Phonaesthetics is the claim or study of inherent pleasantness or beauty (euphony) or unpleasantness (cacophony) of the sound of certain
linguistic utterances. Poetryis often considered euphonic, as is well-crafted literary prose. Important phonaesthetic devices of poetry are rhyme, assonanceand alliteration. Closely related to euphony and cacophony is the concept of consonance and dissonance.
The phrase "
cellar door" has some notoriety as the reputedly most euphonic sound combination of the English language (specifically, when spoken with a British accent).
From this meaning should be distinguished the closely related but different concept of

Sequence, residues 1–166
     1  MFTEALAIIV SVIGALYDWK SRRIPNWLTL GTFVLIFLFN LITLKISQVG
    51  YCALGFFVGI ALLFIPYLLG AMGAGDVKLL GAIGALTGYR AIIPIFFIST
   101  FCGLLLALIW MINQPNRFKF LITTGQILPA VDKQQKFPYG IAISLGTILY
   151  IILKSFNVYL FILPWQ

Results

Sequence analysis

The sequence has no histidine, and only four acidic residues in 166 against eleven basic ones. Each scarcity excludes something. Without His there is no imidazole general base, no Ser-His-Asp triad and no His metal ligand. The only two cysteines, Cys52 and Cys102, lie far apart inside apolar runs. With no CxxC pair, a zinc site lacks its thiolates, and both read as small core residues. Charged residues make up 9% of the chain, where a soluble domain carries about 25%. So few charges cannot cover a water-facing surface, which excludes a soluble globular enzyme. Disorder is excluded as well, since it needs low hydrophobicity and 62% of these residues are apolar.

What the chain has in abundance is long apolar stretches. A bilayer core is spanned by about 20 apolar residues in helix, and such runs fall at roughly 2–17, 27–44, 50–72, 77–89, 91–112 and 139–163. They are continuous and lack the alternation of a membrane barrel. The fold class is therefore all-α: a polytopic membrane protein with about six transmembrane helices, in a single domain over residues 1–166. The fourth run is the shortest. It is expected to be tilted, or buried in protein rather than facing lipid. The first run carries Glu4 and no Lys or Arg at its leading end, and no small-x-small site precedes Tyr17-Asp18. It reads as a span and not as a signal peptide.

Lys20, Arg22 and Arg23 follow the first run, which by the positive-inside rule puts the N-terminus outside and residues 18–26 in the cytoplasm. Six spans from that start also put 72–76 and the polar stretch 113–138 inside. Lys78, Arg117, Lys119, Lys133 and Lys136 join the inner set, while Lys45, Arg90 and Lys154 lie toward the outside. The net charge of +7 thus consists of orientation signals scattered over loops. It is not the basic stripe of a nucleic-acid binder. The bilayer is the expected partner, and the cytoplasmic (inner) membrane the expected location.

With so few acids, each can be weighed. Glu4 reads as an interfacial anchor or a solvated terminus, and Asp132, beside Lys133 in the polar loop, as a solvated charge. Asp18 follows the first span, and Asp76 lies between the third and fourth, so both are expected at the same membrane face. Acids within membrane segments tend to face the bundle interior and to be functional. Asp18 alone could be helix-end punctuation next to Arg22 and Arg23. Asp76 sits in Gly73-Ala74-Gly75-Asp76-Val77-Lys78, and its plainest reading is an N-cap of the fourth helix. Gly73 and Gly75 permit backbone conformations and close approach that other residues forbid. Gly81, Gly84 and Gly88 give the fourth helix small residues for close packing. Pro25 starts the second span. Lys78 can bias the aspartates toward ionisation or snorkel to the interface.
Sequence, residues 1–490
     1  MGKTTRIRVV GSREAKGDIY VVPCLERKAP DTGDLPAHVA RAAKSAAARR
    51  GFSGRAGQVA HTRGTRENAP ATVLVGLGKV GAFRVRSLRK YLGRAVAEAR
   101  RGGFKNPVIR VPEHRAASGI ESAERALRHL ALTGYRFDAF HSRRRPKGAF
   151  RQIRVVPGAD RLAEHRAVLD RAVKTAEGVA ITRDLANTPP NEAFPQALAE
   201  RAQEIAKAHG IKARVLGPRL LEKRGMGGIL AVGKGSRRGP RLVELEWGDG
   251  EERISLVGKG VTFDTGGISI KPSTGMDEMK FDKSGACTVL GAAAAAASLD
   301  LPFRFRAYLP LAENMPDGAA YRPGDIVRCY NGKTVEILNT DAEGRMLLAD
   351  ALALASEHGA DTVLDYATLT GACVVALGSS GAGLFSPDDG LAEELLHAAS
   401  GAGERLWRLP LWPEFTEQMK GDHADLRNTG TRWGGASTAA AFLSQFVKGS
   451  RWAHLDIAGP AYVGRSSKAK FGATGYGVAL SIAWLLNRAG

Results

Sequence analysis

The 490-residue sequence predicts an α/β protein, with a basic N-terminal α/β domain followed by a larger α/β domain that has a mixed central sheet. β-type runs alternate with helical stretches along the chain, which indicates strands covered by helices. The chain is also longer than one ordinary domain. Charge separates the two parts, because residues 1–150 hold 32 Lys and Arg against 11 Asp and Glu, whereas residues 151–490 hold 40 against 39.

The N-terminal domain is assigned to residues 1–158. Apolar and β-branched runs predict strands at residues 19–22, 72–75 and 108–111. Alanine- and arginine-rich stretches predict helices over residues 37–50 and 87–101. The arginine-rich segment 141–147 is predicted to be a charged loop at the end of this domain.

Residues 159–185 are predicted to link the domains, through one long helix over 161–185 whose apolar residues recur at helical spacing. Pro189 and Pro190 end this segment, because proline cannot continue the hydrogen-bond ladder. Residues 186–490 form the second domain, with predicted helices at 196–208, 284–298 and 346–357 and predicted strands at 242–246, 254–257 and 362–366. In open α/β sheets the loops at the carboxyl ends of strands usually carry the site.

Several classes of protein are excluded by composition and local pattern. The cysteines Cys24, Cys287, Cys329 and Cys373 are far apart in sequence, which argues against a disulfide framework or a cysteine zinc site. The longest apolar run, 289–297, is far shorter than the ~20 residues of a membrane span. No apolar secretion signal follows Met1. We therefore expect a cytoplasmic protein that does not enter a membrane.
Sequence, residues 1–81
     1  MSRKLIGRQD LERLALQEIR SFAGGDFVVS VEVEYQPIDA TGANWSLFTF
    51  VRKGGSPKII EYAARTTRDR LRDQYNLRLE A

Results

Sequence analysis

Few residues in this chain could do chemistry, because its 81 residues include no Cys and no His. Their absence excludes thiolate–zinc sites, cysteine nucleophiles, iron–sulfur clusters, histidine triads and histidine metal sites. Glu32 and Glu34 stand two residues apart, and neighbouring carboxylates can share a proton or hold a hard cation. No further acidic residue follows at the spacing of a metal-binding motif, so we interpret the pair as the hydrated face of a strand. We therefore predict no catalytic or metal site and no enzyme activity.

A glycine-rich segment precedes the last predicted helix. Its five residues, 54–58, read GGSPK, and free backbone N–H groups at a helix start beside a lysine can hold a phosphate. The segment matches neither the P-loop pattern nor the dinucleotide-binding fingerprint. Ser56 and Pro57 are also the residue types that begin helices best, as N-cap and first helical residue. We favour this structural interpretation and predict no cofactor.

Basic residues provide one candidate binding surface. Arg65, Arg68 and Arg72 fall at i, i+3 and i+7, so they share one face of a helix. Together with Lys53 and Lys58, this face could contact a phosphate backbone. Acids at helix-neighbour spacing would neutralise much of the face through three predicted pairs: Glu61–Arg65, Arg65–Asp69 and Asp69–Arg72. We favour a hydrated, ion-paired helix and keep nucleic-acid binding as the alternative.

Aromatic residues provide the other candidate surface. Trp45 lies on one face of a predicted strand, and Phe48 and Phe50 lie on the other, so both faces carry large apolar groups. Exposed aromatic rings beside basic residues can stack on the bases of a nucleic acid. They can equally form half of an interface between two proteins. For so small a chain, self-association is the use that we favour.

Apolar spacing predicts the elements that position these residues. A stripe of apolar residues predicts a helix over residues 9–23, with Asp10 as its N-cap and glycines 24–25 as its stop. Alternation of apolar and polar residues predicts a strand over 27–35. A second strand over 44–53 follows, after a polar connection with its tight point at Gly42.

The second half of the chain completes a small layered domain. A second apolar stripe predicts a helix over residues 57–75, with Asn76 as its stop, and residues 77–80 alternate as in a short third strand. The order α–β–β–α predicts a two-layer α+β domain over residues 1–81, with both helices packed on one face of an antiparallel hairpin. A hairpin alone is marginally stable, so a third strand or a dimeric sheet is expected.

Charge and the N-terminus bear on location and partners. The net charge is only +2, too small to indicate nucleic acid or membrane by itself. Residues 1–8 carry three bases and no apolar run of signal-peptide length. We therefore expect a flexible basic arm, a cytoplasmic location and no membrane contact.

phonaesthesia, which does not refer directly to aesthetic attributes of sound, but to phonetic elements that are inherently associated with a semanticmeaning. The term was introduced by J. R. Firthin 1930 "The phonæsthetic habits [...] and are of general importance in speech." Firth defined a phonaesthemeas "a phoneme or cluster of phonemes shared by a group of words which also have in common some element of meaning or function, though the words may be etymologically unrelated."
In most languages, difficult to pronounce phonetic combinations will be adapted to allow more flowing speech, for reasons of ease of pronunciation rather than
aesthetics. These adaptations will be sub-phonematic at first, but over several generations will lead to phonematically relevant sound changes
sandhi("euphonic" rules in Sanskrit grammar)
English and Welsh"
inherently funny word
Japanese sound symbolism
Vilayanur S. Ramachandran
*Ross Smith, "Inside Language - Linguistic and Aesthetic Theory in Tolkien", Walking Tree Publishers (2007), ISBN 978-3-905703-06-1.
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